"But what if, say, a Kanye-on-steroids, someone uniquely brilliant and really dangerous, started a charter school in his old neighborhood?" she said. "Because now you're talking about what is real today. You're talking branding, fashion, pop up stores, p.r., celebrity. All the things that make up the modern artistic experience. And how celebrity and that experience interconnect.
"It's dangerous when a guy like that runs an arts school. He can steal your idea; he can kick you out; he's mercurial; he doesn't follow the rules; it's his money. It's not like you are in a protected bubble of a school; you're in a risky situation," said Sorensen.
"I pitched the theme of the show as danger," said Sorensen. "Because people think, oh, arts are so nice. But the arts are heartbreaking. Especially as a dancer, you can have you heart broken, you can have your dreams broken. You can be not good enough, you can literally break your body with the only thing you ever wanted to do, or were born to do."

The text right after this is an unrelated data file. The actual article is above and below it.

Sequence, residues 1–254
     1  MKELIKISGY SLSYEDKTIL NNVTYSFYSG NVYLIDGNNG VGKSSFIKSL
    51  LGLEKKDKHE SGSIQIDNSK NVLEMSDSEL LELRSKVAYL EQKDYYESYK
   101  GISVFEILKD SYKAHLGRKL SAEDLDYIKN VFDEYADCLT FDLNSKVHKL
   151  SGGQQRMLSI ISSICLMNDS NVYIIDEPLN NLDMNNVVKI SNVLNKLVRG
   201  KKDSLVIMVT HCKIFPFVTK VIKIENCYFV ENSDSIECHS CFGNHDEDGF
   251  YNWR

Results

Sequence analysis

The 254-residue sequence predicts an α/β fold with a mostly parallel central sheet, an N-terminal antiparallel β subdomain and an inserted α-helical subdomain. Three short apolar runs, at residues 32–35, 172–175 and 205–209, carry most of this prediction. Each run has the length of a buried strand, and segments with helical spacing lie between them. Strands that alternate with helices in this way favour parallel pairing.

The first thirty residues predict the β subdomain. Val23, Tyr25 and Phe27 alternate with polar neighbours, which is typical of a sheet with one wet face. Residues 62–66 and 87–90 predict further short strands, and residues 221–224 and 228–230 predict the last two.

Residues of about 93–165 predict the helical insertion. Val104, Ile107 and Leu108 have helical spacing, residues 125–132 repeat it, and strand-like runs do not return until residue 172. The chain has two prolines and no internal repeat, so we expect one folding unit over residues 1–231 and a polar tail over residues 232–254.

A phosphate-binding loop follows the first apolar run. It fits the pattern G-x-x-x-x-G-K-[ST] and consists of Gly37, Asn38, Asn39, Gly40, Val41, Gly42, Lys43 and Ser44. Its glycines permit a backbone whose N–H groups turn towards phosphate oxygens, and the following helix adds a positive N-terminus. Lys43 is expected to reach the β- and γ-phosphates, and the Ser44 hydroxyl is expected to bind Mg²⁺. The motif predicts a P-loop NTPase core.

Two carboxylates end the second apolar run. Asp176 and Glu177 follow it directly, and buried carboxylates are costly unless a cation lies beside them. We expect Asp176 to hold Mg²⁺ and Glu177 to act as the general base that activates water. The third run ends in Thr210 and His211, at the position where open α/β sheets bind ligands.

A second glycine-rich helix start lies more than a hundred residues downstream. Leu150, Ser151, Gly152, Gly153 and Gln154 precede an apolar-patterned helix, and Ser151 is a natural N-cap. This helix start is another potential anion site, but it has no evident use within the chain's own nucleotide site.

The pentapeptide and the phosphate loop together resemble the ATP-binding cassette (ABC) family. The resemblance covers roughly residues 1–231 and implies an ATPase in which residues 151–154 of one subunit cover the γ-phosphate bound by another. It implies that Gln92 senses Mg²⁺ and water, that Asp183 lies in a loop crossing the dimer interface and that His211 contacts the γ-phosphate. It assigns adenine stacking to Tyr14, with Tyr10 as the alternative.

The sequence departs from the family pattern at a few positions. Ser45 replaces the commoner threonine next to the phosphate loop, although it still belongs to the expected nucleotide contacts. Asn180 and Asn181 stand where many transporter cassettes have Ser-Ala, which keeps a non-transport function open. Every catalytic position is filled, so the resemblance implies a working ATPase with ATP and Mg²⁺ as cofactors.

The Step Up brand had long been in the purview of Susanne Daniels, YouTube's global head of original content and a veteran of teen content development. A propitious holiday-party encounter with Eric Feig of Lionsgate, who control the franchise, led to a quick exchange about ambitions and assets.
The resulting deal bringing Step Up to the small screen was the television industry equivalent of standing under mistletoe. According to scuttlebutt shared by Sorensen, "That was a bing-bing-bing conversation." Executive producer Adam Shankman, who has shepherded every permutation of Step Up, agreed, in a phone interview. "It's a perfect marriage of platform and brand," he said. "This brand was an easy and natural fit."
Step Up: High Water is executive-produced by Channing Tatum and Jenna Dewan Tatum — stars of the original movie — and Shankman (producer on the Step Up films), along with series producers Jennifer Gibgot and Meredith Milton. Sorensen serves as series creator, executive producer and showrunner.